</Headers>
                '),
                300000,
                1,
                0
            ).value('/Response[1]/Body[1]', 'NVARCHAR(MAX)'),
        '<?xml version=''1.0'' encoding=''UTF-8'' standalone=''yes''?>',
        ''
    ) AS XML);

-- Parse report XML
SELECT 
    A.[row].value('@campaignID', 'BIGINT') [campaign_id],
    A.[row].value('@campaign', 'VARCHAR(500)') [campaign_name],
    A.[row].value('@adGroupID', 'BIGINT') [ad_group_id],
    A.[row].value('@adGroup', 'VARCHAR(500)') [ad_group_name],
    A.[row].value('@keywordID', 'BIGINT') [keyword_id],
    A.[row].value('@keyword', 'VARCHAR(500)') [keyword],
    A.[row].value('@device', 'VARCHAR(50)') [device],
    A.[row].value('@day', 'DATE') [date],
    A.[row].value('@impressions', 'INT') [impressions],
    A.[row].value('@clicks', 'INT') [clicks],
    A.[row].value('@cost', 'BIGINT') [cost],
    A.[row].value('@avgPosition', 'FLOAT') [average_position]
FROM @report_xml.nodes('/report/table/row') A ([row]);

Results look like this:

campaign_id campaign_name ad_group_id ad_group_name keyword_id keyword device date impressions clicks cost average_position
1234 Campaign A 51423 Cool Stuff Ad Group 6211415 cool stuff Computers 8/5/2018 1430 229 3210.631846 2.4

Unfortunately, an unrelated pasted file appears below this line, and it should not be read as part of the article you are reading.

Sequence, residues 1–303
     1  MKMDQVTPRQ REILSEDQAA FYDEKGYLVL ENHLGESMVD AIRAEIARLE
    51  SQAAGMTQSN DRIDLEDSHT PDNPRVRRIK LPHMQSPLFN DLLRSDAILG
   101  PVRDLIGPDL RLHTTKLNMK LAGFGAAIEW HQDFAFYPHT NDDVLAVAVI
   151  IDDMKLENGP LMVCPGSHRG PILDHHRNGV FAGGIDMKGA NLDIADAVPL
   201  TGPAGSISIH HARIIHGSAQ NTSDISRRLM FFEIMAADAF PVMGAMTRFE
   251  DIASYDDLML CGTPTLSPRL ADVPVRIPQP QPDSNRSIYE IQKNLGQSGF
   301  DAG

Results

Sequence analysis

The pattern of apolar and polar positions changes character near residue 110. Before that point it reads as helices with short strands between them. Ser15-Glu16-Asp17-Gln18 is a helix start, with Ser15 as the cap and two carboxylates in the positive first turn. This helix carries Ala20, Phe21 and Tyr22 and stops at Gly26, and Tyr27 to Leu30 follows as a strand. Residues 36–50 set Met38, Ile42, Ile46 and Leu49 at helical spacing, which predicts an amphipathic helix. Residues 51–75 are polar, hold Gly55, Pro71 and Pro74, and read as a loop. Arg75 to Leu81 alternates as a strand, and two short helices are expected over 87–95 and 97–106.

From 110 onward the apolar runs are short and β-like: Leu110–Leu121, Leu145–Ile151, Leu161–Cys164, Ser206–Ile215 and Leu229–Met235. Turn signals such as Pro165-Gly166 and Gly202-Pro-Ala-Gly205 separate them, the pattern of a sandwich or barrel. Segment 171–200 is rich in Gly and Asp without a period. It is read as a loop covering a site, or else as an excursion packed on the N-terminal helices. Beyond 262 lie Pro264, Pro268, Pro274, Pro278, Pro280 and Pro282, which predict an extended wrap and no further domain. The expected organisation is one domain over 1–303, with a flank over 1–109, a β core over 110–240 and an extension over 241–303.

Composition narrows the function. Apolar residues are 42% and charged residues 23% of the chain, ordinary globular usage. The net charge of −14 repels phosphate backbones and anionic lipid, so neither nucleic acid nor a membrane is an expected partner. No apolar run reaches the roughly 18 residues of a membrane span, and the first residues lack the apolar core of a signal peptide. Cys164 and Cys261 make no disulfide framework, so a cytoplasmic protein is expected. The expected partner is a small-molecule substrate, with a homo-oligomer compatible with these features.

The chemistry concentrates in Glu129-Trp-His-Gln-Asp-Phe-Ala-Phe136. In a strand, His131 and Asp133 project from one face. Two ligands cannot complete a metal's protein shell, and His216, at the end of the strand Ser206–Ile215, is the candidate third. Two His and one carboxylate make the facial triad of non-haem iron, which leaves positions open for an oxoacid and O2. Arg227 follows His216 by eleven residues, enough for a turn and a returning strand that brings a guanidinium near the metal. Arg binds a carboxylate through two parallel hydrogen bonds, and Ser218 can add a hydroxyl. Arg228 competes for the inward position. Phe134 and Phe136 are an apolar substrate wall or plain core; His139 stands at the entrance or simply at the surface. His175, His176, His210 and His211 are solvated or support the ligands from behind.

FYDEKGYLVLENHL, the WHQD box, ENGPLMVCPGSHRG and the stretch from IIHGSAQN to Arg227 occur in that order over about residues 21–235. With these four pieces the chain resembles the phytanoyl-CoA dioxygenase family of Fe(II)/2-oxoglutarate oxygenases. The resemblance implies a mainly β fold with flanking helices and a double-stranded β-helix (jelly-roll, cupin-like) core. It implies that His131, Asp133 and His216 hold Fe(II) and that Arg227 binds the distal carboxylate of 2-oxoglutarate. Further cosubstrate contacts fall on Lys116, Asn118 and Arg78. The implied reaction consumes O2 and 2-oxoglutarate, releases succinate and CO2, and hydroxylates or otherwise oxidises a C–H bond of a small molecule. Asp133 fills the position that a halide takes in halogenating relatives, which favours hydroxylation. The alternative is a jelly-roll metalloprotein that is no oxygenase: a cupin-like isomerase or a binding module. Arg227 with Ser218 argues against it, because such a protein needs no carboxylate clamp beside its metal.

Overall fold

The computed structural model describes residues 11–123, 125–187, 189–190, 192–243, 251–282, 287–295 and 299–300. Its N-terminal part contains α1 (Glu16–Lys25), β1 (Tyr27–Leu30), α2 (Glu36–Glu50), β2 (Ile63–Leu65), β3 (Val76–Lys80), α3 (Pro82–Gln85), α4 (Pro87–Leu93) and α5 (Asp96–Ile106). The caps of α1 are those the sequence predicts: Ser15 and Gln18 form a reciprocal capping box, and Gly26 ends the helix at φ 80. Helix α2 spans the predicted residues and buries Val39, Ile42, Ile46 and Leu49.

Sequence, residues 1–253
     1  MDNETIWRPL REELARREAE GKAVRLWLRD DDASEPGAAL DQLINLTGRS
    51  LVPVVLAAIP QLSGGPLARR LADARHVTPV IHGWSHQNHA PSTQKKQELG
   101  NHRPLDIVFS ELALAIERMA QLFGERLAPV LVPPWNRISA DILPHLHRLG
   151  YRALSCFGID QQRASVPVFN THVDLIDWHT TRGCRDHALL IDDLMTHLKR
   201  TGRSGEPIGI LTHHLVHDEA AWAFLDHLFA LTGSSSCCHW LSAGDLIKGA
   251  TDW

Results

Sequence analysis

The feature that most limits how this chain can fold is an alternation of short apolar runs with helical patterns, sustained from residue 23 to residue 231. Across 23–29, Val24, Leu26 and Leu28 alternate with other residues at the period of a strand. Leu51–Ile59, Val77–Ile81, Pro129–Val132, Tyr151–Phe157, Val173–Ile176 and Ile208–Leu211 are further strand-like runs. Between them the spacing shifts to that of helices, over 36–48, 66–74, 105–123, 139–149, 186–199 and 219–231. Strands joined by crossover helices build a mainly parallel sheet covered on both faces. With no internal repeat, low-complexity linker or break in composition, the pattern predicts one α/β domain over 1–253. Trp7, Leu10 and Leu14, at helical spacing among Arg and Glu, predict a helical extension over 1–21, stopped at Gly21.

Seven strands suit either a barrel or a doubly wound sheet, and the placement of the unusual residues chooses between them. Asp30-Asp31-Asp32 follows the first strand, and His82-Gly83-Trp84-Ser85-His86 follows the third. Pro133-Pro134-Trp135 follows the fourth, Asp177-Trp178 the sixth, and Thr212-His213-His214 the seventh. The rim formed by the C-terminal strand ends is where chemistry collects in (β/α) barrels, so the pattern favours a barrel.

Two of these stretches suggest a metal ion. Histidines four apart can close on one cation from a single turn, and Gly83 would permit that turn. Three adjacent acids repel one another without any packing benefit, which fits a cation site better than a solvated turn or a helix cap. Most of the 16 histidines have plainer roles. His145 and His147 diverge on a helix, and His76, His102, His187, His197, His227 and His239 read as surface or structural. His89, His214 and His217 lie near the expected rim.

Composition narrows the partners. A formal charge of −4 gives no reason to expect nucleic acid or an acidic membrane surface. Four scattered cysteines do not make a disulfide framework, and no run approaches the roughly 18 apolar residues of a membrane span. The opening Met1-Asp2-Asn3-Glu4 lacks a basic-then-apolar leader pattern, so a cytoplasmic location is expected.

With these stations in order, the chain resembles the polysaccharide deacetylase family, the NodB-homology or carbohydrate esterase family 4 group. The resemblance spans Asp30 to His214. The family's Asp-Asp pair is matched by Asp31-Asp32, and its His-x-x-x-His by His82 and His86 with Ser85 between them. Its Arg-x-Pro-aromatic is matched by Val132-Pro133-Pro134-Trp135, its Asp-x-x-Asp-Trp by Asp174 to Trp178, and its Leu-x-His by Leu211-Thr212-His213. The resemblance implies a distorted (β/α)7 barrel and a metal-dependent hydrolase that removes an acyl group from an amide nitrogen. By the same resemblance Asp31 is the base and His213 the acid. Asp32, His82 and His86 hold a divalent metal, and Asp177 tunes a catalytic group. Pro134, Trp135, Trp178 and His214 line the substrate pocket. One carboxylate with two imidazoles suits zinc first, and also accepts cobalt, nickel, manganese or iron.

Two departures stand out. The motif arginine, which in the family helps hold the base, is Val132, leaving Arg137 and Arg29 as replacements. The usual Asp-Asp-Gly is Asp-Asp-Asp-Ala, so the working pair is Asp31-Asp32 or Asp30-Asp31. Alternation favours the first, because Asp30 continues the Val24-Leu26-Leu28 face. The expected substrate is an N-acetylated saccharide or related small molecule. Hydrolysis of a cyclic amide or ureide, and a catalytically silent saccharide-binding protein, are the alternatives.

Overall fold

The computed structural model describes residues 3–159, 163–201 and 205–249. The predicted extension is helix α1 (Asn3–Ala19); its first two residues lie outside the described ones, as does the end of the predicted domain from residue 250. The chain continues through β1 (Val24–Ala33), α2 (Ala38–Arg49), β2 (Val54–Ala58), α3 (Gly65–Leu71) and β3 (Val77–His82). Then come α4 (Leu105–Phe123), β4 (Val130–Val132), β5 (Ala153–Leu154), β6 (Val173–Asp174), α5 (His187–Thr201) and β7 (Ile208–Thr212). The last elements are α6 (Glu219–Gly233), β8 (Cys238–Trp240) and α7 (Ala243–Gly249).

1234 Campaign A 51423 Cool Stuff Ad Group 6211415 cool stuff Computers 8/3/2018 588 162 680.4804449 1.7
1234 Campaign A 51423 Cool Stuff Ad Group 6211415 cool stuff Computers 8/4/2018 368 29 742.1357105 3.3
1540 Campaign B 62130 Awesome Stuff Ad Group 7133217 awesome stuff Mobile devices with full browsers 8/5/2018 1563 563 1094.902162 1.8
1401 Campaign C 61050 Mediocre Stuff Ad Group 6321354 mediocre stuff Computers 8/1/2018 1236 190 643.7945118 2.2

The next steps could be to take this code, wrap up the two calls to [dbo].[clr_http_request]() in a scalar function to retrieve the report XML, and create a table-valued function to do the parsing. Then one could easily query the API with a query like this:

SELECT * FROM [dbo].[ufn_parse_adwords_xml]([dbo].[ufn_get_adwords_report](@awql));

Note: This example is only intended to give an idea of what is possible; explaining in detail would be outside of the scope of this article.

There are many APIs out there to query. Here are several other examples:

  • Other Ad performance reports (Bing/Yahoo!/Facebook/etc.)
  • Affiliate networks (commissions, etc.)
  • Currencies
  • Time zones
  • User agent parsers
  • SaaS applications, like ticketing systems such as Jira

Or maybe one could use this for testing automation or monitoring by querying a website to simply check for availability. Here's a basic example just getting a response from Google’s home page:

SELECT [dbo].[clr_http_request]('GET', 'https://www.google.com/', NULL, NULL, 10000, 0, 0);

It would certainly be interesting to see what other use cases are out there. Please share ideas!